After climbing the 145-foot lift hill there is a swooping banked turn to the right and you drop at 52-degrees 137-feet at 60 mph into a 119 foot tall vertical loop. That’s followed by a 103 foot tall dive loop and a 360-degree banked turn as you rush into an 83 foot tall inclined loop, a series of rock-and-roll turns, a 360-degree flat spin and through a figure eight before resting back at the loading station.
All in all, a really cool ride.
In September 2014, Cedar Point announced the pending closure of Mantis scheduled the following month. The park later revealed that Mantis wouldn’t be removed but would be transformed into a floorless roller coaster design for the 2015 season. It reopened as Rougarou on May 9, 2015.
The folks at Cedar Point should be thanked for their hospitality in hosting CoasterMania ’97. Besides providing ERT (Exclusive Ride Time) on four of their more popular coasters, they also provided a great evening dinner of fried chicken, hot dogs, ice cream and soft drinks.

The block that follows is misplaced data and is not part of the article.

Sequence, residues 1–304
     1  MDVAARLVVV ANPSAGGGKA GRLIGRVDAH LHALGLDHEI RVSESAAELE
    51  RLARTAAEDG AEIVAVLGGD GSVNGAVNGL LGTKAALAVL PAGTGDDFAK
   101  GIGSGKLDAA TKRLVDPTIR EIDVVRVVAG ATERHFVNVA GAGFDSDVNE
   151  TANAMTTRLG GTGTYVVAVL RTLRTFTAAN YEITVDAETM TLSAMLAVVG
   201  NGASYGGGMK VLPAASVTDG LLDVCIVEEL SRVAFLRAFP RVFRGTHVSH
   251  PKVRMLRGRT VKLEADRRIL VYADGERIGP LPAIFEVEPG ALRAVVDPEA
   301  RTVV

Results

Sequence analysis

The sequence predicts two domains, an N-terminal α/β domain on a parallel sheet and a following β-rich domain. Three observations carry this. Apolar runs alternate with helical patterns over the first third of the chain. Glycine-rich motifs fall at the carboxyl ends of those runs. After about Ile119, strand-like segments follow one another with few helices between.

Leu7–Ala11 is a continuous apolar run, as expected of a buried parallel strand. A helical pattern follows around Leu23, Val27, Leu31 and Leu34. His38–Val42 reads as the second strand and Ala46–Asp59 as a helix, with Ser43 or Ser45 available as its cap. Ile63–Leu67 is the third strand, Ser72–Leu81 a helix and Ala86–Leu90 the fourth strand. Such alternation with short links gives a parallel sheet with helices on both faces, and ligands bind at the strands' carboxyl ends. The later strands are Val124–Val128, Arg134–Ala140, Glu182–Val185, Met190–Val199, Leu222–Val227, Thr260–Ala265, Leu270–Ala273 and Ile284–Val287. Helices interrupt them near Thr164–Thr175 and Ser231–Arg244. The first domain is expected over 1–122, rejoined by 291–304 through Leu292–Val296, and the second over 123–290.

Roller Coasters added at Cedar Point since my visit in 1997:
Millennium Force (2000) stands 310 feet into the air taking riders on a 93-mph journey along its 6,595 feet of track.
Wicked Twister (2002) is a “double-twisting” impulse roller coaster.
Top Thrill Dragster (2003) debuted as the tallest and fastest roller coaster in the universe.
Maverick (2007) a 2-minute, 30-second ride that featuring plenty of speed, changes in direction and “airtime!”
GateKeeper (2013) is a steel wing coaster that travels from the beach through the main gate. It is the highest and longest Wing Coaster as well as having the highest inversion on any roller coaster in the world.